Monday, February 11, 2019

Small Machine Tools and Tooling

I have some notes on big machine tools. But probably more of America was built with many small machine tools than with a few big ones. I'm starting some notes concerning small machine tools.

Steve Johnson shared a link to a photo album with the comment: ""Our pneumatic tools in use on one hundred and thirty-five railroads" 1897 Chicago Pneumatic Tool Co pneumatic hammers brochure, including their Boyer Railway Speed Recorder. Very cool illustrations, rare early brochure, company incorporated in 1895."
Steve Johnson Did a very extensive search and only found one other copy, in the Canadian National Archives of all places.
Dennis DeBruler Between steam locomotives, ships, bridges, and skyscrapers, there were a lot of rivets that had to be pounded back then.

Below are some of the photos from that album.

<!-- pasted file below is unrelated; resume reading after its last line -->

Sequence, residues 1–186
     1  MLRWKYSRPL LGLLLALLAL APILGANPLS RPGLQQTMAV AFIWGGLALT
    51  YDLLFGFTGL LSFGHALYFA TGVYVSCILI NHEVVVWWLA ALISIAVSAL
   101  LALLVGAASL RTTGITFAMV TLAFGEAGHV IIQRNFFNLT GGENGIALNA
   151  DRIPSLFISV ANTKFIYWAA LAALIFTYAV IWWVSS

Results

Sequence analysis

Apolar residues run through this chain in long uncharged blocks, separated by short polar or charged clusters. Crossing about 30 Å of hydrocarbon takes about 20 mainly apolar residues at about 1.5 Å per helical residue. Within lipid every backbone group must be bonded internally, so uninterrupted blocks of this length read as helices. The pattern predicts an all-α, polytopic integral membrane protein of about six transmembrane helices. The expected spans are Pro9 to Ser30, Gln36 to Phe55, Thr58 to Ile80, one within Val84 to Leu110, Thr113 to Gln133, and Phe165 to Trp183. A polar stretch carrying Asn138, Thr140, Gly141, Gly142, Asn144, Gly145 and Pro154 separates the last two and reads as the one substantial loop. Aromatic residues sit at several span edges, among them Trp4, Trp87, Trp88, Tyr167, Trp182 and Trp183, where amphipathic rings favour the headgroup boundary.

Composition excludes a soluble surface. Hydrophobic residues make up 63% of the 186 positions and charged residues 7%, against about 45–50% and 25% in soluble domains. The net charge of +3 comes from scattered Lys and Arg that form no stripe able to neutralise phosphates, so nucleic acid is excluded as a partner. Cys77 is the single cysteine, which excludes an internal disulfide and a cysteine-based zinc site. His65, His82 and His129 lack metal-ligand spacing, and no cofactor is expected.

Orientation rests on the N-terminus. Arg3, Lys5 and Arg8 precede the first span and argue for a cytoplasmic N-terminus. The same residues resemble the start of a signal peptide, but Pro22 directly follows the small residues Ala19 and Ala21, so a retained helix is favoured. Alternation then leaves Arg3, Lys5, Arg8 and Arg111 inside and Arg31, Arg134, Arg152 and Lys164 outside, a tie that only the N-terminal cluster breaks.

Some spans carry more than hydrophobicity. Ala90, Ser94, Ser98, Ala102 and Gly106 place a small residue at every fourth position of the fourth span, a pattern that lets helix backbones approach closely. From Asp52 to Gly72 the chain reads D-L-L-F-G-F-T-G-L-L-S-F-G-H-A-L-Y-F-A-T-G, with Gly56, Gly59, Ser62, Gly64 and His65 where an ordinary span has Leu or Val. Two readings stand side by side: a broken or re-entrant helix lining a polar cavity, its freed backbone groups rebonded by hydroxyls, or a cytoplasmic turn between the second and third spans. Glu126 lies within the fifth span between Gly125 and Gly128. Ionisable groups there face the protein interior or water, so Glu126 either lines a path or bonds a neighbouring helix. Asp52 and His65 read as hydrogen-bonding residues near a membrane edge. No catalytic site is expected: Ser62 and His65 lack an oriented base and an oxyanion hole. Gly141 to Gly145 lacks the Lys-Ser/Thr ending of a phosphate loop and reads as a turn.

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Pneumatic tools are also used to to drill holes. In fact, compressed-air driven tools were invented to create holes in rock for explosives when building tunnels and mining minerals because they can hammer and twist the tool.

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Hammers have many uses. In the case of this photo, cleaning flange off of forgings. I used a smaller pneumatic cold chisel with my 2-horse air compressor to bust the stucco off my house when we were installing a new door. The carpenter I hired to do the job had bought a concrete cutting blade for his saw. But the pneumatic chisel did a much quicker job. He was embarrassed because he had consulted with a friend as to how to remove the stucco. He was also relieved because the saw didn't make much progress, but the chisel cut through the stucco like butter.

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I've also come across videos of a couple of generations of making chain.

Screenshot @ -0:44    (source)
Screenshot @ -0:07   (source)




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